Would you design your whole hosue for your kids 21st? why allow the RWC/party central to have any long term impact? the sheds may go later - or maybe one would stay. But that debate should be on it's own merits not a rush for a party central - ie is it a park? / art gallery/ theatre / cafes/bars - a mixture - wouldn't you want to decide that before clearing the section?

  2. So they should be used for cruise ships. That’s what wharfs are for.
    They are not for Sunday afternoon walks.

  3. Well, paint me multi-coloured and call me Cubist, because I see both sides of this issue right now.

    I'll qualify the following by saying I don't really know the buildings in question beyond the images and links here. They are prosaic and simple - honest waterfront sheds.

    What is 'noble' in this context? Few buildings communicate their function and use as effectively as a waterfront shed - Wellington's numbered sheds have been used for alternative purposes for years and form an important part of the harbourfront identity. The architectural language, simple though it is, gives a sense of place to the harbour.

    Conversely, the buildings look a bit shit and run-down. At the end of the day, the 'heritage' value of this sort of building - a pragmatic archetype - has to be balanced against the function it provides. I'm not convinced from anything I've read that the sheds transcend being simply good examples of typical, monolithic industrial waterfront architecture.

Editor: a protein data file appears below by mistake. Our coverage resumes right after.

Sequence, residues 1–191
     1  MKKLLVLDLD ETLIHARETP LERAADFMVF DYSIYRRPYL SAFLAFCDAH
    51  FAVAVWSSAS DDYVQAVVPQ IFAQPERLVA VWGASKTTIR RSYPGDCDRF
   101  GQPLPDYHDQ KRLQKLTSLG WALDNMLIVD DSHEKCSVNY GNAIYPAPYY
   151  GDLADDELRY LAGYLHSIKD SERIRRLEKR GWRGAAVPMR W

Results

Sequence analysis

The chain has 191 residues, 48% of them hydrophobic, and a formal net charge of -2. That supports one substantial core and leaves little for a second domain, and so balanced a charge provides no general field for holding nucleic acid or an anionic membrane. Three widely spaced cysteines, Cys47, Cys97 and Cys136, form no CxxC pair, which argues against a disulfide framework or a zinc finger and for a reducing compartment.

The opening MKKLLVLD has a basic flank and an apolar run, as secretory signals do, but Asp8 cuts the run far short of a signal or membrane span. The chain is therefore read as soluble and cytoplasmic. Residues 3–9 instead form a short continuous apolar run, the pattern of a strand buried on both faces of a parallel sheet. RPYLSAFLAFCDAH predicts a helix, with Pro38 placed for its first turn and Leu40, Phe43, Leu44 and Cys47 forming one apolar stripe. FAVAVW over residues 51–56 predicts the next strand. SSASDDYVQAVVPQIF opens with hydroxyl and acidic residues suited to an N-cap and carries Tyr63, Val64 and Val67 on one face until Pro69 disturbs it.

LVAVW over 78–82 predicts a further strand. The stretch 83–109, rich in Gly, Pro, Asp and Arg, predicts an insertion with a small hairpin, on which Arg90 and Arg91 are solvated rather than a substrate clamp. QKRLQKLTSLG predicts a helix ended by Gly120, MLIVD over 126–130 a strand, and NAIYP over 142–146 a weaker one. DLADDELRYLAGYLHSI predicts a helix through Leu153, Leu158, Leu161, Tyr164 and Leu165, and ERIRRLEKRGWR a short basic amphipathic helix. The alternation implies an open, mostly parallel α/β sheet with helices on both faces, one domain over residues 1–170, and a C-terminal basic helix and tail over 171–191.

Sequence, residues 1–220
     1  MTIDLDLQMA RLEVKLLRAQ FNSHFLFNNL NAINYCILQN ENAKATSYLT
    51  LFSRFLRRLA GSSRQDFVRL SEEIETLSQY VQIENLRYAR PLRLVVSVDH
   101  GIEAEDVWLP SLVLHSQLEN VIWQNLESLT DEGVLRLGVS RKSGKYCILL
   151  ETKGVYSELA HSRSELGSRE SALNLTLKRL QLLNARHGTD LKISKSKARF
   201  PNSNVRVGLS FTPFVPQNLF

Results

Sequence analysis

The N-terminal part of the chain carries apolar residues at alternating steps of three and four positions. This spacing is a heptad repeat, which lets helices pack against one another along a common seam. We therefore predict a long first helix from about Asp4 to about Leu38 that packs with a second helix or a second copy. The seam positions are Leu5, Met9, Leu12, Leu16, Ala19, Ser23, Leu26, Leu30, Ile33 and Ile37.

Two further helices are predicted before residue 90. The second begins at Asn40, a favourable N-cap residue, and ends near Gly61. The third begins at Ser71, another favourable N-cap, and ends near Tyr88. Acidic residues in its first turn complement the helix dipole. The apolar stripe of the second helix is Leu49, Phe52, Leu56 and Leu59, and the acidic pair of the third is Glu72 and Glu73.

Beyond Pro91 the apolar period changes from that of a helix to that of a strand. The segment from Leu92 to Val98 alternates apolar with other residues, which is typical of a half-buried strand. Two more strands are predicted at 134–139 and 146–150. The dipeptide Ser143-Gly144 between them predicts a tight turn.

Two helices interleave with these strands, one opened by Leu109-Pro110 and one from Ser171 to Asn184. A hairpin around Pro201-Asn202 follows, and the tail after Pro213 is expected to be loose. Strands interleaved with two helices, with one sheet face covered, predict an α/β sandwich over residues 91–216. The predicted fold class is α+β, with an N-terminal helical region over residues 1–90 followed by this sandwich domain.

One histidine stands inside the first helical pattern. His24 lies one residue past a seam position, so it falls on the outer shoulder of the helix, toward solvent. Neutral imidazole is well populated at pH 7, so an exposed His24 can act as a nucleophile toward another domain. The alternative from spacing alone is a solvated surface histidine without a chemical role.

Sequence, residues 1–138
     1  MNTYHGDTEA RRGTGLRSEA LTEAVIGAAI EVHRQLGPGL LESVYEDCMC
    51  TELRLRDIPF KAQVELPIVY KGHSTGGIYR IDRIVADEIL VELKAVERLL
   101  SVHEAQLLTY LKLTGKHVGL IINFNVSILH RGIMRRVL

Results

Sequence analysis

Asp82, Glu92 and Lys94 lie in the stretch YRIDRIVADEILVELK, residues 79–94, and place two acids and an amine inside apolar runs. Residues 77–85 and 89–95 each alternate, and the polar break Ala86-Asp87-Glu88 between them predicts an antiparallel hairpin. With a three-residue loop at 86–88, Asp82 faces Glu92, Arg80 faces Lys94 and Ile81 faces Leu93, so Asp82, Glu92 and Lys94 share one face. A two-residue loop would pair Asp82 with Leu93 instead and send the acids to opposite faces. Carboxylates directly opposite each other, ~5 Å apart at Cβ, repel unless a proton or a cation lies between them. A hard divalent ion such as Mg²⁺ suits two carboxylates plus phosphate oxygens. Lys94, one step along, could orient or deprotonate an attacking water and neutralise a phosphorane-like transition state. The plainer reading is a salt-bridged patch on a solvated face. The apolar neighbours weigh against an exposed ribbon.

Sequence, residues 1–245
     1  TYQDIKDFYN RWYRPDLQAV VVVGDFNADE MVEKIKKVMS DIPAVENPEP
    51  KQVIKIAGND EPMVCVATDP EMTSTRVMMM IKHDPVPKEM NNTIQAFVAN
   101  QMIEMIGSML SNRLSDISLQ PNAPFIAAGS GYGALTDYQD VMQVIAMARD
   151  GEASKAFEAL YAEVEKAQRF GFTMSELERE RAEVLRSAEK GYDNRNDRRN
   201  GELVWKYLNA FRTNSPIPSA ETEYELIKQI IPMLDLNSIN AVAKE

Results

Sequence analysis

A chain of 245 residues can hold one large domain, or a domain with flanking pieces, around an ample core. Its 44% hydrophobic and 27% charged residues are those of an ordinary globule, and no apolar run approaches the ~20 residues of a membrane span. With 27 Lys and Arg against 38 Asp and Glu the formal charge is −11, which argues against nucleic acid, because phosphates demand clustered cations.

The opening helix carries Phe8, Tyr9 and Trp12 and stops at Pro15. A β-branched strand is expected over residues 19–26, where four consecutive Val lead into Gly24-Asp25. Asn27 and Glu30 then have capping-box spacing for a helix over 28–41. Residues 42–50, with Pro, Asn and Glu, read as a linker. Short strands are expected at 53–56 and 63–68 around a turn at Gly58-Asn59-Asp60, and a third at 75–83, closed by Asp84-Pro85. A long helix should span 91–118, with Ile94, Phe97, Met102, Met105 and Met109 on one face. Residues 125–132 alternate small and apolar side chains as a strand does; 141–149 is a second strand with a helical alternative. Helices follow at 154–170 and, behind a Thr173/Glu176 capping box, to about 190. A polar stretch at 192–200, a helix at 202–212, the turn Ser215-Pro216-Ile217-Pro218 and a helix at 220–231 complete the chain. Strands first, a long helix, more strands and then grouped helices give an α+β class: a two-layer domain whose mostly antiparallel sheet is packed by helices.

Interesting to me because I recently finished work on a very similar project here in Sweden - two brothers converted a waterfront warehouse into a restaurant which subsequently got burned down, and the project was to build up a larger restaurant/bar complex which respected the surrounding architecture - consisting solely of large, waterfront sheds. It was a lot more fun that it sounds.


  4. the drunken watchman3 Jul 2010, 04:07:00

    "who have total subjective say so..."

    subjective? ouch!

  5. I have a hard job making a decision on this one.

    Just because they are old doesnt mean they should be pulled down.

    HOWEVER - why pull down a temporary structure (albeit Old) to replace it with a NEW temporary structure?

    After all they only want to use them for people to get pissed in - what difference will it make to a half-drunk welshman or Australian if they are getting pissed in a bright shiny new temporary building or a quaint rustic one?

    PC is quite correct that they were built as strictly functional, with no architectural merit, however TIME has given those hand-rivetted steel beams and massive old timbers an appeal that cannot be replicated, so they should certainly not be destroyed - how about re-located? (if that is possible)

    It is a terrible waste of the most valuable piece of land in the country - could one of them not be incorporated into the landscaping as a supplementary venue to a nice modern structure -highlighting the old and the new?

    I would love us to have an iconic structure like the Sydney Opera house but I still have a soft spot for old and rustic which is our history